3D printed models provide clearer understanding of ground motion
It seems like a smooth slab of stainless steel, but look a little closer, and you'll see a simplified cross-section of the Los Angeles sedimentary basin.
Caltech researcher Sunyoung Park and her colleagues are printing 3D models like the metal Los Angeles proxy to provide a novel platform for seismic experiments. By printing a model that replicates a basin's edge or the rise and fall of a topographic feature and directing laser light at it, Park can simulate and record how seismic waves might pass through the real Earth.
In her presentation at the Seismological Society of America (SSA)'s 2021 Annual Meeting, Park explained why these physical models can address some of the drawbacks of numerical modeling of ground motion in some cases.
Small-scale, complex structures in a landscape can amplify and alter ground motion after an earthquake, but seismologists have a difficult time modeling these impacts, said Park. "Even though we know that these things are very important to ground shaking, the effects of topography, interfaces and edges are hard problems to study numerically."
Incorporating these features in ground motion simulations requires a lot of computational power, and it can be hard to verify these numerical calculations, she added.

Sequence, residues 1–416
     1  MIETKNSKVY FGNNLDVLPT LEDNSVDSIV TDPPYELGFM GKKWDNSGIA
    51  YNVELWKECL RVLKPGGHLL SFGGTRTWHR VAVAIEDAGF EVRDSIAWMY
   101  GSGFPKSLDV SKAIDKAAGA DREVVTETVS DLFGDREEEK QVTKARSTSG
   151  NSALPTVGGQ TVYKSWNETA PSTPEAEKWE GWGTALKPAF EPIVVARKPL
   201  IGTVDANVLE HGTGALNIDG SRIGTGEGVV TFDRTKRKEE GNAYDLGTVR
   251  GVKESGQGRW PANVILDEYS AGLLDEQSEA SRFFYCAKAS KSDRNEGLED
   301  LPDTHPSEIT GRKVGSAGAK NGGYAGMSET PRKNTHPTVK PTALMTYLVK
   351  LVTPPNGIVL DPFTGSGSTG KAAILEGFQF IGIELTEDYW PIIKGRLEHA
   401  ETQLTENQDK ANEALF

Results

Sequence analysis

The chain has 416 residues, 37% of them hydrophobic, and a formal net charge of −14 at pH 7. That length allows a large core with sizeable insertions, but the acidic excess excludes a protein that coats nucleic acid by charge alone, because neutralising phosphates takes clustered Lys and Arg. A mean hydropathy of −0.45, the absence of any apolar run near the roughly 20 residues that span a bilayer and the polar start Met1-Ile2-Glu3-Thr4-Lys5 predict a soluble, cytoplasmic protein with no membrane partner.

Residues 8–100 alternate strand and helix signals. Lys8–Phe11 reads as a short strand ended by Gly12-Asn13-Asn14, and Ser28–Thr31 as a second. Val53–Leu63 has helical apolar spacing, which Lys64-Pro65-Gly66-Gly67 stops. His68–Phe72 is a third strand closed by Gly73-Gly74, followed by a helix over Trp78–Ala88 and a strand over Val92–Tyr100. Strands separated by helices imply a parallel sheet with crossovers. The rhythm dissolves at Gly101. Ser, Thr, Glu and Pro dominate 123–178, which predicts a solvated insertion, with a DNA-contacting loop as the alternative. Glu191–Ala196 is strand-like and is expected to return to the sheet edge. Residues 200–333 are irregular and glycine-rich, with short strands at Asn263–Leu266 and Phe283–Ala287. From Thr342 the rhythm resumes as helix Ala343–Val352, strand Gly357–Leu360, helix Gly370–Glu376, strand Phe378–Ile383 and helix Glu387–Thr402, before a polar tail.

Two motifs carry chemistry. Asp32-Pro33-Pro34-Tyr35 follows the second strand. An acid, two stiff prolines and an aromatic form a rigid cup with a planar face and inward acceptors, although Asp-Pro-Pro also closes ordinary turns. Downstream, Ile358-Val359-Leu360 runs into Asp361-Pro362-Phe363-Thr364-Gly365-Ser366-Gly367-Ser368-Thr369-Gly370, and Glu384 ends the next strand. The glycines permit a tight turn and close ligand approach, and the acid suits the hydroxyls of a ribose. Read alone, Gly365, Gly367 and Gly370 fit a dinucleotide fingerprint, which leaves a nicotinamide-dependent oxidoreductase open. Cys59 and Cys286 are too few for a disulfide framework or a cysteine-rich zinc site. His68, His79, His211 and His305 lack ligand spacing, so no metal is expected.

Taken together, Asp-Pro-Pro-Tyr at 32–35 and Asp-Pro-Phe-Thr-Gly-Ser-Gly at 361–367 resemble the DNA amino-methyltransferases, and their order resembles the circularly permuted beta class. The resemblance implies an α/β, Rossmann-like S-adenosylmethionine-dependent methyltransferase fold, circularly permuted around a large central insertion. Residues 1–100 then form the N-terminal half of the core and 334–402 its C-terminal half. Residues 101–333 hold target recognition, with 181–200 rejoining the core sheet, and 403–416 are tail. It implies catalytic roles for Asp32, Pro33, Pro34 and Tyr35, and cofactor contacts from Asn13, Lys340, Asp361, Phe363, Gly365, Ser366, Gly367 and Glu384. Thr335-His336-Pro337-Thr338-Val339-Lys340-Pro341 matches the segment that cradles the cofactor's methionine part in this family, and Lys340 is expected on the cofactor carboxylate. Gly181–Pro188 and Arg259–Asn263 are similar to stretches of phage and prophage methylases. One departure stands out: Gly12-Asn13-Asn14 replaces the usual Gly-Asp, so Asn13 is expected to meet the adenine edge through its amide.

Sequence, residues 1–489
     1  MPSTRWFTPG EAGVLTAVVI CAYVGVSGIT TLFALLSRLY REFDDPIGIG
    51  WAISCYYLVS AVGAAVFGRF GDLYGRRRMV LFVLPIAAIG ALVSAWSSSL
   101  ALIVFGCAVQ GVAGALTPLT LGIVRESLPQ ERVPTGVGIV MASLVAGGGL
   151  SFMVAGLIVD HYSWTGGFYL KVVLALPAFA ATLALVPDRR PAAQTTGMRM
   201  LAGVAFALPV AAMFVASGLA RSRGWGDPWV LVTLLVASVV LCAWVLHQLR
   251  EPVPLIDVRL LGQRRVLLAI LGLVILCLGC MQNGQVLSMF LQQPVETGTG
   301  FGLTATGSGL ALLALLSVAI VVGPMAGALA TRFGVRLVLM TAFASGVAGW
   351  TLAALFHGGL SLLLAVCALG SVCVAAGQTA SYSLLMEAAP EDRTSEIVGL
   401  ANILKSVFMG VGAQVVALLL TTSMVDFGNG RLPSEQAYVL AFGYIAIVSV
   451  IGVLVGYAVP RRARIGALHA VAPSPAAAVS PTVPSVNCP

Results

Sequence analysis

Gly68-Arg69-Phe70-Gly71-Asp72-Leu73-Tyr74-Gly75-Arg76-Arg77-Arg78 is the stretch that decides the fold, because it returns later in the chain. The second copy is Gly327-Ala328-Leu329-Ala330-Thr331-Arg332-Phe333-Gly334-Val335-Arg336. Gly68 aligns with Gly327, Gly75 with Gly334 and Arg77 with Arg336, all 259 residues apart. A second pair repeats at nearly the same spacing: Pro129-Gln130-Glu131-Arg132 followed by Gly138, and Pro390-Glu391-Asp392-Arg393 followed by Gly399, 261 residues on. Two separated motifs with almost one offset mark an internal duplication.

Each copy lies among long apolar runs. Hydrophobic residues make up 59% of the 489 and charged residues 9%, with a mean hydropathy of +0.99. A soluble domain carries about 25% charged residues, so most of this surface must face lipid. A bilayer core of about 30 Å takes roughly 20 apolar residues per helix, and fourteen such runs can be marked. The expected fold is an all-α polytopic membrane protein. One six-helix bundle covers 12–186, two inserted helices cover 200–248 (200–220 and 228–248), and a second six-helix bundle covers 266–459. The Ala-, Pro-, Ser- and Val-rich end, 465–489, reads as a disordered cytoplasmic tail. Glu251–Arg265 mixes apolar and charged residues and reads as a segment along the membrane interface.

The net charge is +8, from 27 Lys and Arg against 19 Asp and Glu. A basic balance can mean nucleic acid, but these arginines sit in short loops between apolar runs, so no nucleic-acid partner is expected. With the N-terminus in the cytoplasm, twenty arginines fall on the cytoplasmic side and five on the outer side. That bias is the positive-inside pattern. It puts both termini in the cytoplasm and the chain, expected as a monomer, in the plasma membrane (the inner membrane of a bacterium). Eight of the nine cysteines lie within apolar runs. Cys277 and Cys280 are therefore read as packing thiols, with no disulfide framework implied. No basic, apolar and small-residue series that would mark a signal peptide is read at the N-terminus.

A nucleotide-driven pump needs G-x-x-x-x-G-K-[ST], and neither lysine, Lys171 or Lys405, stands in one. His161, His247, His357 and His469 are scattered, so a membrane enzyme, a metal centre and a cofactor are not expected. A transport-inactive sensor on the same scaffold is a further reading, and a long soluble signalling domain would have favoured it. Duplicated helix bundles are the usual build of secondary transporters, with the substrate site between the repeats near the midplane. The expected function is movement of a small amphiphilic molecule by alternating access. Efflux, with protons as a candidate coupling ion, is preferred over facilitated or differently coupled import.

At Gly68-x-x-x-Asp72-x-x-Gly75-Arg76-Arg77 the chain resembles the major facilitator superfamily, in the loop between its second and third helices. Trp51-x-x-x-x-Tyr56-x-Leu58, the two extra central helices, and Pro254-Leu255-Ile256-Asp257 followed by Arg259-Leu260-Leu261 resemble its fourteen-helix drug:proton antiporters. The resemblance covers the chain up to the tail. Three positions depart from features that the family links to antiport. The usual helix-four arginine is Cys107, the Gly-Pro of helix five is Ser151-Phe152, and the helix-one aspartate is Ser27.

To address these challenges, Park began creating 3D models of simple topographical and basin features to explore these effects on ground shaking. Metal is her preferred printing material, "because it can be as rigid as the conditions at the Earth's lower crust," she said.
By controlling the printing parameters, Park can also control the density of the metal as it is laid down by the printer, creating a material with different seismic velocities. The result, in the case of the Los Angeles basin example that she showed at the meeting, is a 20 by 4-centimeter model that represents a 50-kilometer cross-section through the basin.
At a scale of about 1:250,000 for the printed landscape, Park needed to scale down the wavelengths that she used to simulate seismic waves as well, which is where the laser-based source and receiver system comes in. A laser shot at the model mimics a seismic source event, and laser doppler receivers sense the resulting vibrations as the seismic waves interact with the model's features.
Experiments with the models have yielded some intriguing findings. With a shallow basin cross-section, for instance, Park found that some of the high-frequency waves were blocked from traveling across the basin.
"We know that basins are usually amplifying ground motions," she said, "but this suggests we should be thinking about that in terms of different frequency contents as well."
Park said the models might also be useful for studying wave propagation through other seismologically complex features, such as highly damaged rock near a fault, rock layers injected with fluids and gases during oil and gas extraction or carbon sequestration, and features in the deep Earth.
Park will join the Department of Geophysical Sciences at The University of Chicago in June 2021.